Being an Olympic junkie – having worked the games for clients when I was at Burson-Marsteller;
And being that we are in Olympic mode with the start of the 2010 Winter Games in Vancouver;
And being that I stay up late to watch even the curling;
And being that MSFT Silverlight powers the videos for the NBC Olympic Web site;
And, finally, given that my Ramble last week dealt with winning and losing;
I felt compelled, nay, almost competitive, to ramble on winning, but from a slightly different perspective…
Despite the hold-hands kumbaya, we-are-one veneer of the Olympics – a little cynical, but I still watch – it certainly looks like winning for many is in fact everything. Witness the tragic death of the Georgian luger Nodar Kumaritashvili during a training run and the ensuing controversy about how much competition is enough.
So is that all there is? Is it only about the Gold? What if I win the Silver? The Bronze? What about the fact that I just get to compete? I am in the company of the best in the world – isn’t that worth something and can’t I do something positive with that for the rest of my life?
As I pondered this, I suddenly remembered an article I had read – years before – on Gold, Silver, and Bronze winners of Olympic medals and their attitudes toward their standings. Through the technological magic of the digital age, I found it with one Bing and one click.
The study was simple. It looked at winners across the three categories (Gold, Silver, and Bronze) and looked at how the second- and third-place winners reacted to their achievements – were they winners or losers?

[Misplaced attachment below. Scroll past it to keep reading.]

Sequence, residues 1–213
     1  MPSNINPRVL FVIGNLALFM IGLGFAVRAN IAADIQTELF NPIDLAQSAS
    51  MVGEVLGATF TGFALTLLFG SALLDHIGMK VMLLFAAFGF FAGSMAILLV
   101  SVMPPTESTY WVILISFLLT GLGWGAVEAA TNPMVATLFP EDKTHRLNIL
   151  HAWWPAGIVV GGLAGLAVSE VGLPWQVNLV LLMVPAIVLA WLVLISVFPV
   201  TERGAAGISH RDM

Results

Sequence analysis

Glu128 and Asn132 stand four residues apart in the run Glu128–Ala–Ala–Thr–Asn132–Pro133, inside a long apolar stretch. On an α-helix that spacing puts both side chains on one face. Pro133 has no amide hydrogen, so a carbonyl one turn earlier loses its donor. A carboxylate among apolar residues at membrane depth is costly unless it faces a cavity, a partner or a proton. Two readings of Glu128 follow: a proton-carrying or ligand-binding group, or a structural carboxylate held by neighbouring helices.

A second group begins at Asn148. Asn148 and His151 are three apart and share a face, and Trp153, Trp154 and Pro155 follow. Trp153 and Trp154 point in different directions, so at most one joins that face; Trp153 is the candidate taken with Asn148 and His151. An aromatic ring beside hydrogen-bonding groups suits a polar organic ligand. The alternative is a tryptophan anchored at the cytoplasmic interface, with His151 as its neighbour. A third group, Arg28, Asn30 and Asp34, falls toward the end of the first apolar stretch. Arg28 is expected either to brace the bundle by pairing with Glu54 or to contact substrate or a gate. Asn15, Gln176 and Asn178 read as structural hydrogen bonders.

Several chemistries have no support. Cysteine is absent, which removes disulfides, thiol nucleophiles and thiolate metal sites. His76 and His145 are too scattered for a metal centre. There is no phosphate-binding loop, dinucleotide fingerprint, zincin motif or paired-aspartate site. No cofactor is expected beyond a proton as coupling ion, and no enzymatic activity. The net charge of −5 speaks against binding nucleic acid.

“In 1995, a study was carried out by social psychologists Victoria Medvec, Scott Madey and Thomas Gilovich on the effects of counterfactual thinking on the Olympics. The study showed that athletes who won the bronze medal were significantly happier with their winning than those athletes who won the silver medal. The silver medalists were more frustrated because they had missed the gold medal, while the bronze medalists were simply happy to have received any honors at all (instead of no medal for fourth place) . This is more pronounced in knockout competitions, such as the FIFA World Cup, where the bronze medals are achieved by winning a playoff, whereas silver medals are awarded after a defeat in the final.”
Bottom line? As the study reported:
“Being one of the best in the world can mean little if it is coded not as a triumph over many,
but as a loss to one. Being second best may not be as gratifying as perhaps it should.”
Follow it all here.
And there you have it – we win, we lose. We get into a final, we don’t – we get invited to a party, but not the VIP reception – we debrief and report that we came in second…as the other nonwinners are debriefing and hearing the same.
What does it all mean?
But this much I know – I think…
When a win is only about winning or when a lose is only about losing, the future state is bleak.
To that end – quoting from yet another sports source – in fact a world record holder to this day:
And there you have it, or in the words of Kipling:
If you can make one heap of all your winnings
And risk it on one turn of pitch-and-toss,
And lose, and start again at your beginnings
And never breathe a word about your loss;
If you can force your heart and nerve and sinew
To serve your turn long after they are gone,
And so hold on when there is nothing in you
Except the Will which says to them: “Hold on”
My take is to know that I played the ”game” as well and as focused and as dedicated as possible. And the game is life – work, home, friends, and colleagues – it makes no difference – in the end – we will win and we will lose and the balance will be determined by ourselves – but only if we are balanced – I think that is what it’s all about…
What do you think?